Clients frequently ask us about probate avoidance, especially with regard to their assets. To start, all of your retirement accounts, investment accounts, bank accounts, life insurance, and annuities can have direct beneficiaries set up. In these cases, the accounts will automatically be titled in the beneficiaries names when you pass away and they will receive immediate control as long as they are over age 18.
Basics of Estate Planning FAQs
What is Probate and Why Do People Want to Avoid It?
In short, probate is the process of a judge reviewing all of the assets of a deceased individual and seeing where everything should go and who should be responsible for any children or dependent individuals.
Probate is a necessary process, especially in guardianship appointment; however, many times people will want to try to avoid probating their assets because:
A)There is a cost to probate, and B) Probate is a public record so anyone can look up what your family is inheriting.
How can Estate Planning Help with the distribution of Estate Assets to Beneficiaries
With proper estate planning, you can make sure your beneficiaries receive the assets you intended with the least amount of friction.
Asset Protection For Real Estate Texas
When it comes to real estate, Drew mentions two options in the interview – 1) Texas has a Ladybird Deed option that can work sometimes, or 2) A trust would be a sure way to make sure the property stays outside of probate and the person you set up as a successor would be able to take over immediately.
Will I Need A Financial Advisor & An Attorney?
You could very well need both a financial advisor and an attorney because they do unique things. A financial advisor works on the overall financial plan, while the attorney focuses on a part of that plan that requires legal documents to be drawn up.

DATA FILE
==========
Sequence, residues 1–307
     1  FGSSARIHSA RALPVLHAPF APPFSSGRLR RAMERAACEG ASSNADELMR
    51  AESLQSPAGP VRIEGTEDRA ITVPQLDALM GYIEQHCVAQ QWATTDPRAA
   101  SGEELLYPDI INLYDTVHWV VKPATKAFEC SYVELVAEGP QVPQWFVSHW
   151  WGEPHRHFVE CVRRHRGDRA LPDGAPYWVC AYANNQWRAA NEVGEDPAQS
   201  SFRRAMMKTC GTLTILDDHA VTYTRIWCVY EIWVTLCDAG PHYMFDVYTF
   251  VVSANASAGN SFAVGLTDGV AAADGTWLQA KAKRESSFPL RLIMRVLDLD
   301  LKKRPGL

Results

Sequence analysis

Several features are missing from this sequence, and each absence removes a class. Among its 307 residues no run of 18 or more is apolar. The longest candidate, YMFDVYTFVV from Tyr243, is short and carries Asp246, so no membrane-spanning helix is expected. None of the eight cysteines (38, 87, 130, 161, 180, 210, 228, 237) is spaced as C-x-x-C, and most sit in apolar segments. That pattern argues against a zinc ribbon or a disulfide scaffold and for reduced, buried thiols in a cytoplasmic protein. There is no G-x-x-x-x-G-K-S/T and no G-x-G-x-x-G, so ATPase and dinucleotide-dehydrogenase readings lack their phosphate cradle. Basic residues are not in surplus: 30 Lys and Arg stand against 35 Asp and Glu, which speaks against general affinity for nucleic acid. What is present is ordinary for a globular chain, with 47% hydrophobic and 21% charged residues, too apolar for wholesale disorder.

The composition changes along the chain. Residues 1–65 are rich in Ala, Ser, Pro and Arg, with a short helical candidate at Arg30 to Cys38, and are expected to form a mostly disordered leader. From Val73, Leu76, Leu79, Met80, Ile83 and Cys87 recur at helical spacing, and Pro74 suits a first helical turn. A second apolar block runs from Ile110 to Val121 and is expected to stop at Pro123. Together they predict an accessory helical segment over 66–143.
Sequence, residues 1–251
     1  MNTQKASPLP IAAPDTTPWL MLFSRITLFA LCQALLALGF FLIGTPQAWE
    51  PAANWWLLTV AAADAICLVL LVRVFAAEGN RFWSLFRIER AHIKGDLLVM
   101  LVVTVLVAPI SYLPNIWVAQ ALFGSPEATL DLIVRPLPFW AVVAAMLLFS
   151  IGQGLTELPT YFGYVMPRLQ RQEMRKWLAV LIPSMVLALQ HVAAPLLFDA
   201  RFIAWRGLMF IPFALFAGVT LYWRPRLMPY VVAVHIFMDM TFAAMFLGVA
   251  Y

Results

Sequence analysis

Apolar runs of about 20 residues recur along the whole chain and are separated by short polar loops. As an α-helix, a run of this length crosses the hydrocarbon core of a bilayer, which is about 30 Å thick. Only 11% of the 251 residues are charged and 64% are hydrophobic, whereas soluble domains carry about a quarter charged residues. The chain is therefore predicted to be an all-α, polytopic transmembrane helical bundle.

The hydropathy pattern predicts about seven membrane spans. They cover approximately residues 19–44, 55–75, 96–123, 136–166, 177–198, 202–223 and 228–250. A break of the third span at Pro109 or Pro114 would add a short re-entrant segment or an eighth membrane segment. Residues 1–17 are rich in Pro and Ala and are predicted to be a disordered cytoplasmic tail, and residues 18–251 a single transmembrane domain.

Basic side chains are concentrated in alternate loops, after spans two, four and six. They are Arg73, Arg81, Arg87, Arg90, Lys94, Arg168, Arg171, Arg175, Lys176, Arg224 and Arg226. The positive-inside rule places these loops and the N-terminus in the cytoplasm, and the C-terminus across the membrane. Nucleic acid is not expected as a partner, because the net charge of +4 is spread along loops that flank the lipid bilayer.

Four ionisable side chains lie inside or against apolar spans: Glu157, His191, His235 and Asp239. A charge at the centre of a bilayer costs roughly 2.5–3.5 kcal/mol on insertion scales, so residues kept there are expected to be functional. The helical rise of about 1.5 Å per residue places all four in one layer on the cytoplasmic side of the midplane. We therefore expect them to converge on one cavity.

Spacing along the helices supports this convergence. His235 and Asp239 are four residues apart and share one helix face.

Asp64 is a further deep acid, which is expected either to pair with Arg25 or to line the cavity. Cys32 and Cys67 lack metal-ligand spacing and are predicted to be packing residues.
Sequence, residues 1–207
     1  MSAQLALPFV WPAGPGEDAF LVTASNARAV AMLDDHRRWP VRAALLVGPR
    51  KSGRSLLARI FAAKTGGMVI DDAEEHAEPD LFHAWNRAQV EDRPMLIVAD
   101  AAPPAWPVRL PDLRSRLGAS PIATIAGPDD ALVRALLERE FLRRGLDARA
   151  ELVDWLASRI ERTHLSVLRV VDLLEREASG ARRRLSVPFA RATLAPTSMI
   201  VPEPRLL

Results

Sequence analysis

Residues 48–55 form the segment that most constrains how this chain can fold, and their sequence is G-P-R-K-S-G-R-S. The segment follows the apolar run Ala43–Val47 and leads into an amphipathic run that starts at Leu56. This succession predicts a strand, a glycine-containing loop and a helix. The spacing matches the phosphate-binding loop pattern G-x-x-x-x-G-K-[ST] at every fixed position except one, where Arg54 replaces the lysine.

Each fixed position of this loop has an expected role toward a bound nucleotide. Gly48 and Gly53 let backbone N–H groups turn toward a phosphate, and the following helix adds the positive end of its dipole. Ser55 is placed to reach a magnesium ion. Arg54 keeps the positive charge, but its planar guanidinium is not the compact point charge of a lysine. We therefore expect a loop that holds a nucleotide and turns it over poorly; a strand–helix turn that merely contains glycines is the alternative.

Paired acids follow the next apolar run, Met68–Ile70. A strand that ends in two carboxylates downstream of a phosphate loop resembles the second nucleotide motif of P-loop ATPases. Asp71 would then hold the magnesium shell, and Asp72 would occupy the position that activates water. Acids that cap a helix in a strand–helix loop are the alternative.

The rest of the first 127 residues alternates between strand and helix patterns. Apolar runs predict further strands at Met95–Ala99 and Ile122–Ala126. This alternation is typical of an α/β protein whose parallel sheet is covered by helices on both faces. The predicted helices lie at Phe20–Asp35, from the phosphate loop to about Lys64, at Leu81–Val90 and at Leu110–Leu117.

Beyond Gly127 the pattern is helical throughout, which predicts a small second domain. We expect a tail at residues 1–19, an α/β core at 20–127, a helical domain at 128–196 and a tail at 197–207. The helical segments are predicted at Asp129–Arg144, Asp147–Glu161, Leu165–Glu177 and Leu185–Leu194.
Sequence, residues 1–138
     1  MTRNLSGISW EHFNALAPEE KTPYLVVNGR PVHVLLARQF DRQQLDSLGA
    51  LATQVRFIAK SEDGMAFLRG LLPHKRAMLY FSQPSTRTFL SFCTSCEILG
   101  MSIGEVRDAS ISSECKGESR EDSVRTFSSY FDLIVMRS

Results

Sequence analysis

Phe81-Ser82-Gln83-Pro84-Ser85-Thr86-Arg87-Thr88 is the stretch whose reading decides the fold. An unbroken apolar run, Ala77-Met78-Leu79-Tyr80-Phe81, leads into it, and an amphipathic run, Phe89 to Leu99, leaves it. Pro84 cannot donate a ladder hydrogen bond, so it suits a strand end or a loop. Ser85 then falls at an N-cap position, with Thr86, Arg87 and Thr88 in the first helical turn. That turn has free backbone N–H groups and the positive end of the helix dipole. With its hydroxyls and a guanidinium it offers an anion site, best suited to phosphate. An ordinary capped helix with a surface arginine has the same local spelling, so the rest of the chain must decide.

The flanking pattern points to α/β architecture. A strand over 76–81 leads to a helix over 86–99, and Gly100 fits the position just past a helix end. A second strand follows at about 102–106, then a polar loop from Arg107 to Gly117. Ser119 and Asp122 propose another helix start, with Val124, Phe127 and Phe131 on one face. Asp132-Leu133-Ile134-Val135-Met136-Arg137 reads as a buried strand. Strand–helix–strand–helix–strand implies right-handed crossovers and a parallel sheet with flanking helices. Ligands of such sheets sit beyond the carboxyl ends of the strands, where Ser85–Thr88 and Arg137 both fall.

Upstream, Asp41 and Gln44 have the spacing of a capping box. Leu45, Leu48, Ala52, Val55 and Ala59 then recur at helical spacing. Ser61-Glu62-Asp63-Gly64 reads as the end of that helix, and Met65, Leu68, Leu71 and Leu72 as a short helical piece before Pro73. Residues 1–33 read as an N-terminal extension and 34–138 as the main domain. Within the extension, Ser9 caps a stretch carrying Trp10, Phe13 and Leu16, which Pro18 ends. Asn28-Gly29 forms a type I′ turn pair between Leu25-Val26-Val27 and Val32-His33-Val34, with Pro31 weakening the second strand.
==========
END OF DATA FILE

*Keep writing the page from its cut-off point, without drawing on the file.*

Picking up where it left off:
Do I Need A Trustee - What Do They Do & Can I Have More Than One?
If you have a trust, then that trust will require a trustee to be named. The trustee is the person (or entity) that is responsible for managing the trust and the assets within and following the guidelines set forth in the trust document. You can have more than one as well as successor trustees that take over after the primary trustee.
How Can A Financial Planner Help Me With Estate Planning?
A financial planner can help with estate planning by walking you through your goals for how you’d like things to go after death or incapacitation, and then helping to put a plan together that accomplishes those goals while involving additional professionals as needed. As seen in Estate Planning Financial Advisors: Why You Need One, the Cremé Wealth Team helps our clients with long-term estate planning and legacy planning. Call us or click here to schedule your complimentary assessment.
The information contained in this blog does not purport to be a complete description of the securities, markets, or developments referred to in this material, and does not constitute a recommendation. Any opinions are those of the author, and not necessarily those of Raymond James. Raymond James is not affiliated with and does not endorse the services of Drew Alliston. Raymond James does not provide tax or legal services. Please discuss these matters with the appropriate professional.
Every investor's situation is unique and you should consider your investment goals, risk tolerance and time horizon before making any investment. Prior to making an investment decision, please consult with your financial advisor about your individual situation.